I once had an acquaintance state an observation they’d made about me that seemed out of the ordinary (they could take their pick, I suppose – “ordinary” is NOT something I’m often called). They said, “You are almost completely without sarcasm, and that’s refreshing.”
Oh how the mighty have fallen.
I wonder if they were speaking of the same person. These days, my wife probably gets the brunt of it – the regular cracks & cut-ups – poor attempts at being witty – all for the hope of getting a chuckle. How cheap.
Think about what you like most about people – think of those you could spend almost all of your time with: what sets them apart?
Yeah – a sense of humor can push someone to the top of the “fun list”, for a time, but constant kidding grows old fast, and a good laugh only goes so far towards deepening intimacy. In fact, I often feel more guarded around those who are ‘the life of the party’, because someone will be the ‘butt’ of their next joke, and it may very well be me. Some are so constantly ‘on-stage’ – ‘performing’, so to say – that they are absolutely ‘un-safe’ to be around, emotionally: it’s almost impossible to discern when they’re serious or joking, and there is an almost constant residual fear that you are somehow being ‘pranked’.
Honestly, when I think about those who have impacted me most – even though I have a few very funny friends – it is those friends who are the most trustworthy, reliable, and sincere – who’s words I never second guess. Granted, few of them are stand-up comedians, but they are the sort of friend for whom it is indeed true that “the wounds of a friend can be trusted”, as you’ll never be the ‘butt’ of a joke intended to make them look good in everyone else’s eyes.
Looking back over the past few years, the growth of my sarcastic edge pains me, as I’ve seen how badly sarcasm has wounded some close to me. Here’s the Biblical truth we need to constantly remind ourselves of: “Let what you say be simply ‘Yes’ or ‘No’; anything more than this comes from evil.’” (i.e. – mean what you say) and “Death and life are in the power of the tongue” (i.e. – what we speak has the power to build up and harm others).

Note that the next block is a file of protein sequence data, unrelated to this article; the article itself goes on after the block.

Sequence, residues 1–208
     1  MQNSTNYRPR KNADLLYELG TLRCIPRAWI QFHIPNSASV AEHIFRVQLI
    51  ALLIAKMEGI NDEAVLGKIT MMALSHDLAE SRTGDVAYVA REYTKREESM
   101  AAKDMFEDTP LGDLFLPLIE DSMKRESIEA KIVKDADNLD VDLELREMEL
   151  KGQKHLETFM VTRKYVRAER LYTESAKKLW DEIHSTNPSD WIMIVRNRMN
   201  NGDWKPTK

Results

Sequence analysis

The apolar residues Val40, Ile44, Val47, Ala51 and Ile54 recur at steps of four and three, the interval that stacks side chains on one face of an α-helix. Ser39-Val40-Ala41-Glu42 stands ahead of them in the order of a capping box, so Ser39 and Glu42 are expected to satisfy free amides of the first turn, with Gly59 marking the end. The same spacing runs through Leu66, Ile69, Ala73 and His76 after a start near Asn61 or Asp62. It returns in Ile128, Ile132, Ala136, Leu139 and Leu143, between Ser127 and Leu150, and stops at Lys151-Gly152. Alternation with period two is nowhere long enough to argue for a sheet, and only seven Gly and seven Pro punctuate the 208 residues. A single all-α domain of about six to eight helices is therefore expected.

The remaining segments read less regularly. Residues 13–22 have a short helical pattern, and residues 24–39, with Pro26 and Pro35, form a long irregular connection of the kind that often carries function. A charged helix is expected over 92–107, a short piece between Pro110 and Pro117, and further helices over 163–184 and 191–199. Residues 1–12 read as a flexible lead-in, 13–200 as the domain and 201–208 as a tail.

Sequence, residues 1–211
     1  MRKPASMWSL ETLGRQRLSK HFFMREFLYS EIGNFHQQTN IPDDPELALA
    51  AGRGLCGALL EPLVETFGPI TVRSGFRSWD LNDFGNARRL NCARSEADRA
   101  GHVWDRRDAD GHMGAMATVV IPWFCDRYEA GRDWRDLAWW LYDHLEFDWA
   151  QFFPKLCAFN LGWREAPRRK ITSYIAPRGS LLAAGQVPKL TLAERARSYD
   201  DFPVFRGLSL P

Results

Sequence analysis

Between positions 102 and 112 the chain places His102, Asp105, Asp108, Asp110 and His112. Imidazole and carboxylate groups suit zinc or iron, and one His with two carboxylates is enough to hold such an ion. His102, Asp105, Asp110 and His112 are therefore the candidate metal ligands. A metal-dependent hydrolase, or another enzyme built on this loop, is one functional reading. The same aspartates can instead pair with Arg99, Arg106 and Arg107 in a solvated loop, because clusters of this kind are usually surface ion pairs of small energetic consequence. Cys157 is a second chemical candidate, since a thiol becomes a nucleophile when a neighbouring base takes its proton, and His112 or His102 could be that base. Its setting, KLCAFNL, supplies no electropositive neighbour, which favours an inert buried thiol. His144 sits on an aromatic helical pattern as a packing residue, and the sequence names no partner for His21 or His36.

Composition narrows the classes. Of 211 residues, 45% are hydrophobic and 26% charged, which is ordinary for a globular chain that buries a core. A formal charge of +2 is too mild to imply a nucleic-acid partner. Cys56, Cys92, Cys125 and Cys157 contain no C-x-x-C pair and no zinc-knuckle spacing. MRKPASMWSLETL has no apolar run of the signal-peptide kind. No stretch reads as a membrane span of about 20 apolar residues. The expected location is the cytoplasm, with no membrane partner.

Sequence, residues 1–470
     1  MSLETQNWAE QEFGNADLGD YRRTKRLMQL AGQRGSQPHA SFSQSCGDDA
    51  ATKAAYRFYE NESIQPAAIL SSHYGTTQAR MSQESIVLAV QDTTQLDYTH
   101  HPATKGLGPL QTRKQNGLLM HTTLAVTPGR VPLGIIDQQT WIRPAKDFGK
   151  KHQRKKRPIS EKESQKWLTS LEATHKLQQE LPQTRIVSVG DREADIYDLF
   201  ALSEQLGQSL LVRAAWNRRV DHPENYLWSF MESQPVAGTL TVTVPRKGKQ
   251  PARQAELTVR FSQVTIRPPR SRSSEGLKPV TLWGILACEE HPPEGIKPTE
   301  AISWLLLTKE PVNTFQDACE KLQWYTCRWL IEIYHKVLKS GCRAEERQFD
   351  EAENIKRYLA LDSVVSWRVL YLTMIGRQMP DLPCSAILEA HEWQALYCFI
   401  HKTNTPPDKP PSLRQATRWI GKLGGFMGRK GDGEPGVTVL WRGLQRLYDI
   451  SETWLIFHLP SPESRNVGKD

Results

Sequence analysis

Especially as pastors/leaders – people who are “on stage”, & in the public eye, representing the Lord, & leading people to better see Him – humorous careless words can do far more damage than we think. For some, given our position of authority, how we speak reflects almost directly upon who God is. Though Jesus wasn’t without a sense of humor, consider your “fun” – could you hear those words rolling off Jesus’ tongue? Since Jesus says my “no” should mean “no”, & my “yes”, “yes”, then I think I’d rather be “safe” than “funny” any day, especially if my being funny is at the expense of someone else’s honor.
It felt good to be a person that can be trusted – whom others can confide it – who can be relied upon to do what he/she says. It doesn’t feel nearly as good to be thought of as ‘funny’ or ‘entertaining’.
Please regularly pray that – as a leader – I will continue to strive towards ‘innocence’ in how and what I speak, and I will pray the same for you.
So, that was my on-going confessional. Be honest; where could you grow as a leader?